THE COURT: Here she is in her home in the morning, still in her nightgown. He wants to see her ID, identification, what in the hell for?
(R., Vol. I, p. 27.)
Kevin did then obtain the name "Mrs. L. J. Allred" from the plaque which he wrote on the citation. Kevin then handed Gail a "citation" form which had been provided him by his superiors for use in such cases entitled "Complaint and Notice to Appear" which was admitted in evidence. The "citation" charged Gail with "Dog Loose" under a block entitled "Other" (offense) which Kevin had completed for Gail's appearance before the justice of the peace on August 27, 1977 (no specific time designated) which was, of course, two days hence. Gail refused to either read or sign the citation. She testified that she said ". . . no, I wasn't going to sign anything." (R., Vol. I, p. 32.) Both Kevin and Gail agree that thereupon Kevin remarked that unless she signed the citation with its attendant "Promise to Appear" that he would have to arrest her and take her to jail. Kevin testified that he informed Gail that the citation form was not an admission of guilt but simply a charge with a promise to appear before the judge. Gail stated that she did not recall those remarks. She did testify, however, that when Kevin informed her that even the city attorney had been cited and had signed a citation "Promise to Appear" form she responded "I doubt it." In addition, Gail testified that even had she understood the full nature of the citation's "Promise to Appear," etc., that she still wouldn't have signed it. (R., Vol. I, pp. 12, 13, 32, 40.)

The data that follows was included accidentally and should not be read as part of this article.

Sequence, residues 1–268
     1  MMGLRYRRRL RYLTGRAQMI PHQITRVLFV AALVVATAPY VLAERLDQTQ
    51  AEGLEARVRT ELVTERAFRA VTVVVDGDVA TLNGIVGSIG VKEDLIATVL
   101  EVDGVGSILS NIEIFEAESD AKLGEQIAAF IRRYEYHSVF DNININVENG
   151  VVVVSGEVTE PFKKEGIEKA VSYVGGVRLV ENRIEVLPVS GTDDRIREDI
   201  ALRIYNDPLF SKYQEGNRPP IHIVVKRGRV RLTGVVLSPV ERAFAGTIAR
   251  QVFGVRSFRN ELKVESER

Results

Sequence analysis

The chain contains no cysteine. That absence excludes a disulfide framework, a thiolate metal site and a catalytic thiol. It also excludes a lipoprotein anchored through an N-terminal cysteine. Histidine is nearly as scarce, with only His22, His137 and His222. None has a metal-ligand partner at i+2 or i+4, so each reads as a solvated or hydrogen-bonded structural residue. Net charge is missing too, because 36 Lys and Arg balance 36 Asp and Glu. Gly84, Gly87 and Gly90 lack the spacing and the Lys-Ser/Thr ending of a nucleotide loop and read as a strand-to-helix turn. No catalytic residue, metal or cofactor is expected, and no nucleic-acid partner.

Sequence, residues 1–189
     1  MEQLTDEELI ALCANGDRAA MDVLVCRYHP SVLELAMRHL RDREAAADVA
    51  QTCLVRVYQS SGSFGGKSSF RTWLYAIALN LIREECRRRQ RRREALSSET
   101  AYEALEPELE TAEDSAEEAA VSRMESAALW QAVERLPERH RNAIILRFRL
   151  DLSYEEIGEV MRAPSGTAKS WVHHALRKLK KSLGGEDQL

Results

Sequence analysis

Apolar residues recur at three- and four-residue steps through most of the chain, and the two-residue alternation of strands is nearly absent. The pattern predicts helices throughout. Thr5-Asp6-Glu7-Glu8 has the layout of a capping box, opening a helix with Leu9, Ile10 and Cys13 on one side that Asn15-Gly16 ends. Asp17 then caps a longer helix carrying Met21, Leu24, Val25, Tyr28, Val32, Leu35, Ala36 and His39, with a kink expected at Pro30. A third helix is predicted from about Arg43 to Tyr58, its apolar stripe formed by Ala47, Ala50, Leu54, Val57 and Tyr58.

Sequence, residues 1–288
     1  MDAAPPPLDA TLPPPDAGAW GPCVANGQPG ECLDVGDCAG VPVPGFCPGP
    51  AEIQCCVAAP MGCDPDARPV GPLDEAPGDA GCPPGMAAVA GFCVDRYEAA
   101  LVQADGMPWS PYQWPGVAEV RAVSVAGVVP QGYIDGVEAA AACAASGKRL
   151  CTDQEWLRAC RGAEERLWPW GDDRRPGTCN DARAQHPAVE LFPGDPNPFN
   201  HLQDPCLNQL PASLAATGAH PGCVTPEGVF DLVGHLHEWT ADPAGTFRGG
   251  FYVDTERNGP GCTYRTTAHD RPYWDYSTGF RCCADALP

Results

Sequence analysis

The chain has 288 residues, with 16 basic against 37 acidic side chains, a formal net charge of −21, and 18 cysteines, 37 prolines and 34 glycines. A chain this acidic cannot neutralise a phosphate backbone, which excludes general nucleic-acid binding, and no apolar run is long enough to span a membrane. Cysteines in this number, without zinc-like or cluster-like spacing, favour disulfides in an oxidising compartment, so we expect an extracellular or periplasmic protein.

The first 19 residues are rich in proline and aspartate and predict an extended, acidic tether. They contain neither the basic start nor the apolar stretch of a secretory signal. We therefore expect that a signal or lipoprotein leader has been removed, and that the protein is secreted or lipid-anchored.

Kevin testified that at this point he informed Gail that he must place her under arrest; that he took her by the arm and led Gail to his vehicle. Kevin then suggested that because Gail was dressed only in her nightgown and robe that she should "change" her clothes. Gail then returned to the house (while Kevin waited outside) but shortly she returned still dressed in her nightgown and robe, but wearing shoes. (R., Vol. I, p. 13.) Gail testified that Kevin "pulled" her down the steps and out to the patrol car where he recommended that she go back into her home and "get dressed"; that she went back into the house while Kevin remained outside; that shortly she returned with her shoes but still dressed in her nightgown and robe, at which time she remarked to Kevin that "This is as dressed as I'm going to get so you had better just do what you are going to do"; and that she then walked to the patrol car and entered without assistance. (R., Vol. I, pp. 32, 33.)
With respect to the above sequence of events, the trial court interjected this observation:
THE COURT: Impounded the woman instead of the dog. A fellow like this ought to be relieved of his position as a law enforcement officer.